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Abstract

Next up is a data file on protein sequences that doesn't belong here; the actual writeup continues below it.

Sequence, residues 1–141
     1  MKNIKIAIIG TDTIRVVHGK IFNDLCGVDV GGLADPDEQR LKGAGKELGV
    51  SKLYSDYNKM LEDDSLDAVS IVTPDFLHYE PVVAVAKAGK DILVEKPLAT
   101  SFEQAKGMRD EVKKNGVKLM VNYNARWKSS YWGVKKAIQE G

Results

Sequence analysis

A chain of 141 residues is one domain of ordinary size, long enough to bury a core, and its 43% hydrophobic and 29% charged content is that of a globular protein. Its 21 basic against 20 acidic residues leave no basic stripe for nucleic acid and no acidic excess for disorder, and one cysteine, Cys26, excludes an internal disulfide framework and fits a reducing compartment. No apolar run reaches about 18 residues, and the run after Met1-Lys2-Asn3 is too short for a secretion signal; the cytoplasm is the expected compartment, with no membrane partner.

This paper will revisit the economic question “is buying art profitable?” facing any potential investor by focusing specifically on the market for prints. The answer will account for both pecuniary and aesthetic benefits. Previous inquiry into the returns of investments in art and their methodologies is first reviewed. Then a framework for measuring utility from prints from market-observed leasing prices is described. Various price indexes for returns to Picasso and Chagall prints are compiled for the years 1977 to 1997 using a market basket technique. The indexes are then combined with the utility framework. Real and nominal returns to prints, both with and without consumption, are compared to those in stocks and bonds. I find that although prints barely maintain real value in most periods, an investor with sufficient appreciation for art may reap significant annual and long-term returns by purchasing prints. For such individuals, participation in art markets is wholly rational, if not advantageous.

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